“Poetry is like that,” I said. “I love how it can find words for things, sometimes.”

He shook his head. Twisted his lips. Stared at the book. Flipped through the pages.

“Want me to read another one?”

He shrugged.

I did.

I read three more.

He scribbled arrows piercing clouds.

 

The next time I saw him, he pulled a piece of paper out of his pocket. Fiddled with it. Shy.

“You have something?” I chanced.

Shrug. He stared at the poetry book I had prepared for us again. Unfolded his paper. Refolded it. Coughed. Took a breath. Thrust the note in my direction.

“Can I look?” I asked. Consent is tricky with kids who’d had others decide everything for them. I didn’t want him to think he had to show me.

He nodded. “I write it.”

I unfolded the page. Eight wobbly lines of transposed letters in phonetic spelling. A poem.

“Can I read it?” I checked.

He looked up at me, vulnerable and holding up an olive branch of trust, “yeah, but … but not loud …”

 

 

 

(Originally published in the March 2022 issue of ISSTD News as “Arrowed Cloud – The Use of Poetry in Therapy” )

*Name and details changed to protect privacy.

Bookended

lr-prompt

 

She stood back to appreciate her handiwork.

A mix of tidiness and lived-in disarray. The books. The pillows. The cozy afghans on the couch.

“She’ll love it,” he said from behind her, and she jumped. She hadn’t heard him enter.

She leaned against his chest. Felt the thrumming of his steady heart.

“How do you know?” she fretted.

“Because it’s not about perfection, but about having enough support so that no matter how you wobble,” his hand rose toward the bookshelves, “you’re bookended by love.”

She kissed his palm.

“Let’s go get our new daughter, then. Bring her home.”

 

 

For Rochelle’s FridayFictioneers

Photo: Dale Rogerson (thank you for the homey, inviting photo prompt inspiration! This room makes me wanna curl up with a good book on the couch. xoxo, your NYNF)

 

 

The Shut One

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They’ve learned to speak naught about it.

So well that they almost forgot it was. There. Tabooed.

She had tried justifying to herself later. How there had been much to cope with and such minuscule leeway. How choice never truly was, a choice.

But as well as she could explain the circumstances, she could less and less forgive. Herself for the blind eye that she’d turned. Them for making it so that she’d needed to. For making it so that they could not even talk of it amongst themselves.

The crushing price of secrets. A cost calculated not with arms and legs, but hearts.

It haunted her. Nowadays. Now-a-nights.

The shuffling beyond the darkened window. The locks. The cries. The scraps that weren’t really for the dog.

By the time she’d grown enough to contemplate a rescue, there was naught to save.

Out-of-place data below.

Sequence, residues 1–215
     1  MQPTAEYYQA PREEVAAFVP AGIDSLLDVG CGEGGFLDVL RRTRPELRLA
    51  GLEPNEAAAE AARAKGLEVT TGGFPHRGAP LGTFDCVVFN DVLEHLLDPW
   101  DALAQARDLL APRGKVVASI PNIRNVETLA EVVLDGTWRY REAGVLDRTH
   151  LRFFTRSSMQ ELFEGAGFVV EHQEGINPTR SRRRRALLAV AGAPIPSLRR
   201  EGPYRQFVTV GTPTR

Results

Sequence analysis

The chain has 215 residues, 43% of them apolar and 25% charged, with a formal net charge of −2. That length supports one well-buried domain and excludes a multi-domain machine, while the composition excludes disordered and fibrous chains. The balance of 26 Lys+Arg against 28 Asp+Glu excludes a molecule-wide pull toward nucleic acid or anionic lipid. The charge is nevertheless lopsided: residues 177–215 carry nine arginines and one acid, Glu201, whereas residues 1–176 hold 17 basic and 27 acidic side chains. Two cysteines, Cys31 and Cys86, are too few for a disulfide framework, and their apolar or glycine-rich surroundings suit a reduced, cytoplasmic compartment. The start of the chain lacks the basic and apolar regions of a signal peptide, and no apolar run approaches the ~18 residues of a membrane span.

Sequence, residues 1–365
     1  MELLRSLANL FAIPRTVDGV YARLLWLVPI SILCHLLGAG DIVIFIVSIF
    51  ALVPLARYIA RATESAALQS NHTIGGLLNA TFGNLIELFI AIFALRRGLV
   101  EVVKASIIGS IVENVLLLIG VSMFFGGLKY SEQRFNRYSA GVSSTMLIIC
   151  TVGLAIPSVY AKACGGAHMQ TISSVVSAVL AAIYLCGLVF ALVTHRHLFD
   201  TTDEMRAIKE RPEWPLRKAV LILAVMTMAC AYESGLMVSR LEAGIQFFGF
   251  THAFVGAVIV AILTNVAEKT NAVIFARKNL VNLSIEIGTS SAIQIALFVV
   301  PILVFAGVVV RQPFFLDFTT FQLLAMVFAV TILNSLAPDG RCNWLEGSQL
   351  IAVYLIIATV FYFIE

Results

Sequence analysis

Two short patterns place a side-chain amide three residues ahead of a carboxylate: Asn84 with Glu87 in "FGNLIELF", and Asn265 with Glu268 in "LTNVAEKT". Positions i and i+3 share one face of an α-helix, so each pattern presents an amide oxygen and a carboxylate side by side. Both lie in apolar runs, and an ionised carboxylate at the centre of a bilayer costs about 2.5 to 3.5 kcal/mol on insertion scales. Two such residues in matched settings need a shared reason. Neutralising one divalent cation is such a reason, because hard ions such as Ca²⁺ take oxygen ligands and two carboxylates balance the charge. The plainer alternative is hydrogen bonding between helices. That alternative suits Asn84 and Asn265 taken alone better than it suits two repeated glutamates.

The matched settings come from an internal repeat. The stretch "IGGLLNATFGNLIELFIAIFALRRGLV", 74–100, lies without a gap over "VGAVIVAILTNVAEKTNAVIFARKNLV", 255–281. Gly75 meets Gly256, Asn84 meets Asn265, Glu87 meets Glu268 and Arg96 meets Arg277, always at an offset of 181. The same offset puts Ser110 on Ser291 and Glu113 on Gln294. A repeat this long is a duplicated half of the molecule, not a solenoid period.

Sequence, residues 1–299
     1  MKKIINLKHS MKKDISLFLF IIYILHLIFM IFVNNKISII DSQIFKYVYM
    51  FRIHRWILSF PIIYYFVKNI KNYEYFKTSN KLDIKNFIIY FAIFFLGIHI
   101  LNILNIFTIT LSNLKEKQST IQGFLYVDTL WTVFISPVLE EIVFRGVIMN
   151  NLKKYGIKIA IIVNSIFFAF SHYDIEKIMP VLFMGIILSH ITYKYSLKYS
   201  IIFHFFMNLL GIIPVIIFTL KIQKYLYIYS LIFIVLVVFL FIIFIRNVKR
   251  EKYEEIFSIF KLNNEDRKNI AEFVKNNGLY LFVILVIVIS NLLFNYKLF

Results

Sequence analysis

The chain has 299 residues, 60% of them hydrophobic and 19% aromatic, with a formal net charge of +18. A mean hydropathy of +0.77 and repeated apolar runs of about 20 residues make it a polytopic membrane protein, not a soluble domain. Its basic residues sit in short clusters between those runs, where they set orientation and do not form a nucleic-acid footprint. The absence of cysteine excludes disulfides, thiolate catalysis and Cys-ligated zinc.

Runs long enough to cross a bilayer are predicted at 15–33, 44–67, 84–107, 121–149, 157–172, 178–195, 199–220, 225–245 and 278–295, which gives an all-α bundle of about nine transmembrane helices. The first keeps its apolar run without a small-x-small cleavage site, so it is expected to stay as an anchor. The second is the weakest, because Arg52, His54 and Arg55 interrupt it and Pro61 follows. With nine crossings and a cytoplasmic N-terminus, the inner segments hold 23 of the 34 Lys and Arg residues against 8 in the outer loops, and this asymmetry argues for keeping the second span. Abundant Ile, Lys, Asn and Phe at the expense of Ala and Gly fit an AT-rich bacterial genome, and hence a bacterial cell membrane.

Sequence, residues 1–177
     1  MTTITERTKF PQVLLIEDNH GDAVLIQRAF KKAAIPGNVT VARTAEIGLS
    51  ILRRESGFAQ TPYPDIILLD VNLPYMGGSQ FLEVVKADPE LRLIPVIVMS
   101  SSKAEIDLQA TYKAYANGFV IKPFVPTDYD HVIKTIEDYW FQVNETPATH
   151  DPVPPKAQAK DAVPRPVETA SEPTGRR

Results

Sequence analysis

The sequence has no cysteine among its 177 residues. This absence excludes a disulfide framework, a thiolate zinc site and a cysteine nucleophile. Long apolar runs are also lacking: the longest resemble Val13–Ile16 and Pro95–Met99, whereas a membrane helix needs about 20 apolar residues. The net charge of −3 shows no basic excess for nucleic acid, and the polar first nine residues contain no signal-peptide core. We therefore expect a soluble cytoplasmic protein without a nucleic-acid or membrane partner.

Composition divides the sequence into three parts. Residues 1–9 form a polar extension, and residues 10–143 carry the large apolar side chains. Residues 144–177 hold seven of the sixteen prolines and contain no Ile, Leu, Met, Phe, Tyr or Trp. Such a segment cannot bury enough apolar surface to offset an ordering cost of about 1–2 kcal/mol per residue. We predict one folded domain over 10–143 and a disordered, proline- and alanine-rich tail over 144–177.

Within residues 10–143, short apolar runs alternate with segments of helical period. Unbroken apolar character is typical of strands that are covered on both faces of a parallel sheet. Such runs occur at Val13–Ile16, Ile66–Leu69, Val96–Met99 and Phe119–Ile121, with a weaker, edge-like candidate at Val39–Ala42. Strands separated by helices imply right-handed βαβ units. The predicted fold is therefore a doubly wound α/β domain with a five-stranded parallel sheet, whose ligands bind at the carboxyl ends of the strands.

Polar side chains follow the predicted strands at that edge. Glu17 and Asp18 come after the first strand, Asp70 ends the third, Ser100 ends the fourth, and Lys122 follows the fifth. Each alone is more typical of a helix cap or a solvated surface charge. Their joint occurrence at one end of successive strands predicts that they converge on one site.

Her sister. Feeble. Gone.

 

 

For Cristina’s Crimson’s Creative Challenge

 

Out-Strutted

 

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They knew they’d need some help. They knew where to find it.

They weren’t very good at building anything, even less at securing it to withstand the snow, the winds, the cops.

Or so they hoped.

It was better to make use of what was already present.

What others, who had better skill and quite possibly better sense, had built.

Sure, some called it squatting. Some found them vagabonds.

But why not when the struts provided good foundations?

It was a pity, really, that so many did not understand.

The cops raided one night. Tossed the tents.

Kept the struts.

 

 

 

For Rochelle’s Friday Fictioneers

Photo prompt © Ted Strutz

 

 

Herself

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(Photo: Lorenzo Fattò Offidani on Unsplash)

 

They told her to not

Make waves.

That to speak out is

Provocative

And that it is

Unladylike.

Unseemly.

And goes against the word of

God

As interpreted by

Themselves

Who see it as their duty

To

Control

Her.

They told her to be meek.

To atone

For the sins

Of

Eve.

She stood.

Unfurled.

Provocative.

As the Goddess made her.

Herself.

 

 

 

 

For Sammi’s Weekend Writing Prompt: Provocative in 62 words

 

For Now

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They didn’t know where she was. She preferred it that way.

The windows were all missing. No doors. Graffiti covered the shell of building.

It was far from town, but sometimes travelers stopped to stare, and some used the empty rooms for all manner of unsavory business.

She spent most days in the nearby woods. Foraging. Snaring. Keeping watch.

At night, she kept to the relative shelter of the basement, hanging bits of chain on entryways to serve as warning chimes.

She dreamed of restorations. Of locks on doors.

She wanted more.

But it was home enough.

For now.

 

 

 

For Rochelle’s Friday Fictioneers

Photo prompt: © Carole Erdman-Grant

 

A Matter of Faith

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(Photo: Bernard Hermant on Unsplash)

 

It mattered not how many times he’d pressed the issue, urged she ‘see the light.’

She would not deny her own reality for his. She could not worship his Gods. His requirement of absolute adherence to ideas over facts. Over reason. Over voice.

“It’s not about facts,” he insisted, annoyed by her refusal to acquiesce. “It’s about compliance. The lesson of faith.”

“That kind of faith isn’t in my lexicon,” she said.

“Then pray on it till it is,” he turned, locked the door, left.

 

 

 

For Sammi’s Weekend Writing Prompt: Lexicon in 85 words